Wednesday, February 8, 2017

Essential Tips for Sanity While Making Multiple Quilts


Sitting Pretty for Tomorrow's Work

Tomorrow when I walk into the studio, my work is already cut out for me. Literally. Instead of debating where to start--we all do that sometimes, I have set the scene for a productive session. The binding is ready, and lying on the quilt. 

Organizing My Finishing Game

January's theme was hammering out quilt tops for charity. It started as a simple way to destash. A frantic phone call for utility quilt dimensions was my first move. Let's say it snowballed--and then it took on a life of its own! What I never expected were all the lessons I learned along the way. Most from the experience of making quilts as fast as possible, but others from simply observing how veterans stay organized, and keep going. I've been filling you in as I've rolled along, but here are some more good tricks on organization, labeling, and batting choices to make your quilting life easier. 



Seven Quilt Tops Assembled In January..More or Less


I was very good at keeping the tops in the 60" x 80" range in the beginning, but a few grew larger. In my head, I was keeping track, and some I wrote on a legal pad floating around the studio. As each was done, I carefully ironed, folded, and laid it into a plastic tub. Some had little pieces of paper laying on them so I could remember. (Are you smiling yet?)

The bomb was about to blow, but I didn't know it yet. (I lost hours by being half-organized.) Stay with me, and keep reading.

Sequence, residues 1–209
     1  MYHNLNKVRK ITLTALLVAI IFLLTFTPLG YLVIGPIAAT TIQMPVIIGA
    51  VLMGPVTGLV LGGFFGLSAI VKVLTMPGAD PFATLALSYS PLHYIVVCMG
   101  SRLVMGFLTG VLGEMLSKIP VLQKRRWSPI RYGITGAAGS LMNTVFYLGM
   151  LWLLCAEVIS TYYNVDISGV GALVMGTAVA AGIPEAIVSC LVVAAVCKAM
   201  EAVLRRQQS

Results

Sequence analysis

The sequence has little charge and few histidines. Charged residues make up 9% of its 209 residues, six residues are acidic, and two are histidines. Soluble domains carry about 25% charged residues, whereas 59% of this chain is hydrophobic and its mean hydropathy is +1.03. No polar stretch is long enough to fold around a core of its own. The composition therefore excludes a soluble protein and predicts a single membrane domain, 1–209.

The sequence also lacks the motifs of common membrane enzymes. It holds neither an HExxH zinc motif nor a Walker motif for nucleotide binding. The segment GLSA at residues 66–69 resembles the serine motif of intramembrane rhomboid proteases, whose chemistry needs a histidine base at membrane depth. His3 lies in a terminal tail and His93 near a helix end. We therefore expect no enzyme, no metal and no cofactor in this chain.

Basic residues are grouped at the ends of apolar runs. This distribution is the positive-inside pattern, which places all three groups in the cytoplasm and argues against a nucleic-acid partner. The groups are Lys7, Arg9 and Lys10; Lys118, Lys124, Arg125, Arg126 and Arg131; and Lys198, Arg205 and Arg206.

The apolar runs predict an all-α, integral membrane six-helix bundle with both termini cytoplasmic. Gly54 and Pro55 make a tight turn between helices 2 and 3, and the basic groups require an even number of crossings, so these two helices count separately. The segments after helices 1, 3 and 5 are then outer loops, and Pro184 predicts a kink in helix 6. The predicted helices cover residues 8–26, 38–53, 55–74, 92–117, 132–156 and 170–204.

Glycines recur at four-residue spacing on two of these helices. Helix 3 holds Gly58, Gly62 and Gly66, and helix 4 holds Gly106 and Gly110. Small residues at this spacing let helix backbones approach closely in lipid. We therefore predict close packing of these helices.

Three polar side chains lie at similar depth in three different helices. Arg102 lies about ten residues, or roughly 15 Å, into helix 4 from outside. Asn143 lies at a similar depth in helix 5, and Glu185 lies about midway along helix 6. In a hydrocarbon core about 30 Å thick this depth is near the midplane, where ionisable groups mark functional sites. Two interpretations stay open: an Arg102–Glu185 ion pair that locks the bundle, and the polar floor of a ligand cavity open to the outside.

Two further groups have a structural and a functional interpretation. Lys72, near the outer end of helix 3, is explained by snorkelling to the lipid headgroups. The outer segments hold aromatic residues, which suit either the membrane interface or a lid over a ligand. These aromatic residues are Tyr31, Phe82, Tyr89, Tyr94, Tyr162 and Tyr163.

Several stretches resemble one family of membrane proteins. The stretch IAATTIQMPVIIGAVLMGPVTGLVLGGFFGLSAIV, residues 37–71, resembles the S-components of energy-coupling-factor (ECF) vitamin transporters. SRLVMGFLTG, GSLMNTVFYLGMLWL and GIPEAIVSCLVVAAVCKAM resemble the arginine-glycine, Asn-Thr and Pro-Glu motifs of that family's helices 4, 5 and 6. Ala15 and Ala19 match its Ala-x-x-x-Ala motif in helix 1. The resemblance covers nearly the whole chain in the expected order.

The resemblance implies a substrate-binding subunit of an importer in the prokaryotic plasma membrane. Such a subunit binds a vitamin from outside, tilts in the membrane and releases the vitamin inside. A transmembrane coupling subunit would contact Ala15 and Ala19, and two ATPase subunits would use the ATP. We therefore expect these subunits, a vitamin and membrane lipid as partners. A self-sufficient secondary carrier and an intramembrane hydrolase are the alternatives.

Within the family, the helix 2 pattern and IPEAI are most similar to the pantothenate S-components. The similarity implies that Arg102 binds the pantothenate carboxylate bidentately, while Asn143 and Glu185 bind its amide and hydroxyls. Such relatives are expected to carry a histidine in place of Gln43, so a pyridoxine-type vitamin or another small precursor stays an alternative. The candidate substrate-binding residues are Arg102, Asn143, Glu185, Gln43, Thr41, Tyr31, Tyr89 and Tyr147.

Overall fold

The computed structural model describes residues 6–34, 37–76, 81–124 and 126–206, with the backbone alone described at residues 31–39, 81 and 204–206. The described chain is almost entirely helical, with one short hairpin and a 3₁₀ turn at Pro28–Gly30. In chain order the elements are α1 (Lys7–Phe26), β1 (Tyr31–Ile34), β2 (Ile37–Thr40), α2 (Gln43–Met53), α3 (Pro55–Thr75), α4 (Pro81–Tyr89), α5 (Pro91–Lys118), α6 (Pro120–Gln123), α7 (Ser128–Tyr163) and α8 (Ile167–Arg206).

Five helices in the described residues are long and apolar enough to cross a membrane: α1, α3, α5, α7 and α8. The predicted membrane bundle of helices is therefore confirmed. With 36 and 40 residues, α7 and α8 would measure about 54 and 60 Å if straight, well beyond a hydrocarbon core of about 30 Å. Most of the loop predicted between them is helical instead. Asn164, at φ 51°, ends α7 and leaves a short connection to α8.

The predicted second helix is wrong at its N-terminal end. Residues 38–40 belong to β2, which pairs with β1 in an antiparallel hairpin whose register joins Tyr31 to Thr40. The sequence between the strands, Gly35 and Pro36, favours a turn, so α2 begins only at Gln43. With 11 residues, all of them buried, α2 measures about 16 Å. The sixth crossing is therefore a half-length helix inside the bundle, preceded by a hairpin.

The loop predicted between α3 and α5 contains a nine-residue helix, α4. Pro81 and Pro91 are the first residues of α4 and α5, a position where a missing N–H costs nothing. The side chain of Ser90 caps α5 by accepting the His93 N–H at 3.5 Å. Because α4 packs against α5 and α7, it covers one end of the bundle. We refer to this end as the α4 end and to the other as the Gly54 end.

Three Different Battings:
Cotton (top), Polyester Quilt Batting (middle)
and Polyester Comforter Batting (bottom)

Longarming keeps falling on Sundays around here. It's a kind of a soothing, meditative process, and this week was no different. The bottom quilt above was done weeks ago, and I finished the other two this week --I'll show you them in another post, and Monday I bound all three of these quilts one after the next. What a lesson!

The bottom is a 4" strippy charity quilt that I used a high loft comfort batting in. It quilted beautifully! I really felt it was a superior batting compared to the thinner quilt bats, and the price was nearly identical. I originally thought I would be using this one with all my future charity quilts.


Wrestling a Rhino!
Trimming and Sewing Binding

The cotton batted quilt (top) was a cinch to trim off the extra batting, and I used one of my hand dyed fabrics to bind it. This would be similar to binding in a batik, and I recommend a fresh jeans needle for the tighter weave.

The second (middle) quilt using a thinner poly batting was also fairly easy, but still more difficult to trim accurately than the cotton batting. I used a 6.5" by 24" ruler and rotary cutter to keep accurate sides, but poly has a springy resistance as you push down on it. The binding was straight forward.

The bottom quilt was a nightmare. Yes, it was slightly larger in dimensions by a few inches, but the bulk was 3x's the others. The puffiness of the batting meant pressing that ruler down, and cutting and recutting to make sure I'd gotten through all the layers. Think lumpy marshmallows here. It was not accurate as hard as I tried. Scissors were impossible.